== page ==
Trying instruments out is also a good time to try out a few mouthpieces, and I would definitely try to get one thrown in if you're buying a brand new instrument, or at least haircut the price by buying both together. In my experience, if it means "sealing the deal" so to speak, retailers tend to be fairly accommodating. They will still be making a margin after all, so it's in their interest to move the stock.
    You lose nothing by asking. The worst that can happen is they'll say no. Happy hunting!
    2nd tenor likes this.
  7. JimboFB

    JimboFB Active Member

    Where literally are you going 'shopping' as such? Im not sure if you have even considered this but (having worked for a few years in a music instrument shop) it really is very helpful to have advanced warning if someone is coming in to try multiple instruments. Theres nothing more frustrating to the buyer and also the shop to be rummaging around in store cupboards looking for instruments you know you have but cant find, then having to lubricate the slides etc etc.

    Also you dont want to be hanging around for ages waiting for a quiet spot because someone is trying out another instrument at the same time. Might be a suggestion to ring ahead explaining what you're after and what time you'l be there, really will make the experience a better one, plus avoiding a wasted journey if they havent actually got what you want in stock. Id also suggest ignoring what is listed on companies websites as that will often give you a price without them actually having it in stock. Ring and check first.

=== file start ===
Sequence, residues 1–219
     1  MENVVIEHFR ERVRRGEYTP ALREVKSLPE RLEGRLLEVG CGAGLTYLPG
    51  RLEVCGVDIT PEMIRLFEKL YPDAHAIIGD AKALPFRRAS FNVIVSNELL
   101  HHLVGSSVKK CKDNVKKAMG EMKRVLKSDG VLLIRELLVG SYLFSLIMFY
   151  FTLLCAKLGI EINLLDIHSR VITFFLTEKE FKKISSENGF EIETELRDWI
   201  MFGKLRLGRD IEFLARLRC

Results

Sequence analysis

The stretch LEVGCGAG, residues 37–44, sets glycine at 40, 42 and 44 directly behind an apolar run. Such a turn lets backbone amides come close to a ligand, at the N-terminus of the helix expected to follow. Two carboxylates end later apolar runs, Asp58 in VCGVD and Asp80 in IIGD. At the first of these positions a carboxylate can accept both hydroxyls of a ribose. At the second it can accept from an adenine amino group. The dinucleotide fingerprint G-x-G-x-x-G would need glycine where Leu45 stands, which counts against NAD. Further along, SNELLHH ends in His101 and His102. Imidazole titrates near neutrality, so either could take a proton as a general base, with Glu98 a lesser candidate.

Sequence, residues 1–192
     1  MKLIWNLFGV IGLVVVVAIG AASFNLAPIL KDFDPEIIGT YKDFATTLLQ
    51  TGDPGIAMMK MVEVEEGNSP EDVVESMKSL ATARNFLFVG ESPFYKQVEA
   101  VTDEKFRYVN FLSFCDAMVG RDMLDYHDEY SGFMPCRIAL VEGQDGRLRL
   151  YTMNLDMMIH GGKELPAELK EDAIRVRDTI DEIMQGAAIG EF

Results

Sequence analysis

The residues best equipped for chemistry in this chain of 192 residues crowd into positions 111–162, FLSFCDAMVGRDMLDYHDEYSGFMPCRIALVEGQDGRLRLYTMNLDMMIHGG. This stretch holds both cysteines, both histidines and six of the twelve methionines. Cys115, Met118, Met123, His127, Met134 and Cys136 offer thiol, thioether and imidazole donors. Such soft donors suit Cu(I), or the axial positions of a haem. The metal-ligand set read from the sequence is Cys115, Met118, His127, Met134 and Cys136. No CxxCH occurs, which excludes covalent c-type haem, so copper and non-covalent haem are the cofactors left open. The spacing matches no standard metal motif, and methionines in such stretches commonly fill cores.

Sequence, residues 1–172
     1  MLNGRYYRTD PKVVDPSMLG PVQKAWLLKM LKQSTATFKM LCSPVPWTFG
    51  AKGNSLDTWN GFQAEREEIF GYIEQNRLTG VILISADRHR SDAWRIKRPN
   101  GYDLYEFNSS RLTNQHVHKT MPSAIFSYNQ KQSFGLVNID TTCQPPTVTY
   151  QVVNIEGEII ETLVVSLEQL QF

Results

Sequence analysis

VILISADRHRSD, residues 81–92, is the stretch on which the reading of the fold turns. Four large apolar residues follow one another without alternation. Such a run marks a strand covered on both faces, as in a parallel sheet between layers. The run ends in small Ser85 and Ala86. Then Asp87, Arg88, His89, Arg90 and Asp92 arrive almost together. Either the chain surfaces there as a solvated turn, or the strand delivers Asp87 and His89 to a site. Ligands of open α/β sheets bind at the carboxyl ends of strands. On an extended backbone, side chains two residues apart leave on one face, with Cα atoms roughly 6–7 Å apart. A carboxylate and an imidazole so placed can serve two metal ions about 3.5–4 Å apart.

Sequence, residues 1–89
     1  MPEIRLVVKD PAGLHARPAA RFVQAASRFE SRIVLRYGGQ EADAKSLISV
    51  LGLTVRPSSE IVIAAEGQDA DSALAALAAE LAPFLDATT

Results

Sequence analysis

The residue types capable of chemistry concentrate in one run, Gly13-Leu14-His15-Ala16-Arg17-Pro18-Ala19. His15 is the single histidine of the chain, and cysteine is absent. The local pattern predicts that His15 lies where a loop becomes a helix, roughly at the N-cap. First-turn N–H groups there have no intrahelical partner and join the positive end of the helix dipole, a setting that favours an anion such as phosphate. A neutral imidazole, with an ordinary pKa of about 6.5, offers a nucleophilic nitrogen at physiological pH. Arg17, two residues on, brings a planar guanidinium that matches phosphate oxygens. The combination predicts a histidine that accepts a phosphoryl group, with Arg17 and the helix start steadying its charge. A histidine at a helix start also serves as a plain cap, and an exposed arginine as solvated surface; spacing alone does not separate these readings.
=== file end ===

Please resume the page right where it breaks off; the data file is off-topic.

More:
8. trumpetmike

    trumpetmike Active Member

    Without sounding rude - how old is the friend?
    The majority of the time, if they are still in full-time education you can purchase instruments without having to pay the VAT, which makes a huge difference - ask about the Assisted Purchase Scheme. Most shops know about this and will be able to advise.
  9. Cornet23

    Cornet23 Member

    Just to update, the "RRP" on the one she eventually got was £2,999, on the website at a discounted £2,450, and eventually paid £2,189 for instrument and mouthpiece. So we were happy, and almost a month later and she loves it.

    ROBTHEDOG Member

    Have a look at ProZone they always have good used stock of great brands.

    You can have a look at Thomman and use the price for your selected model as a lever if ur looking to UK outlet.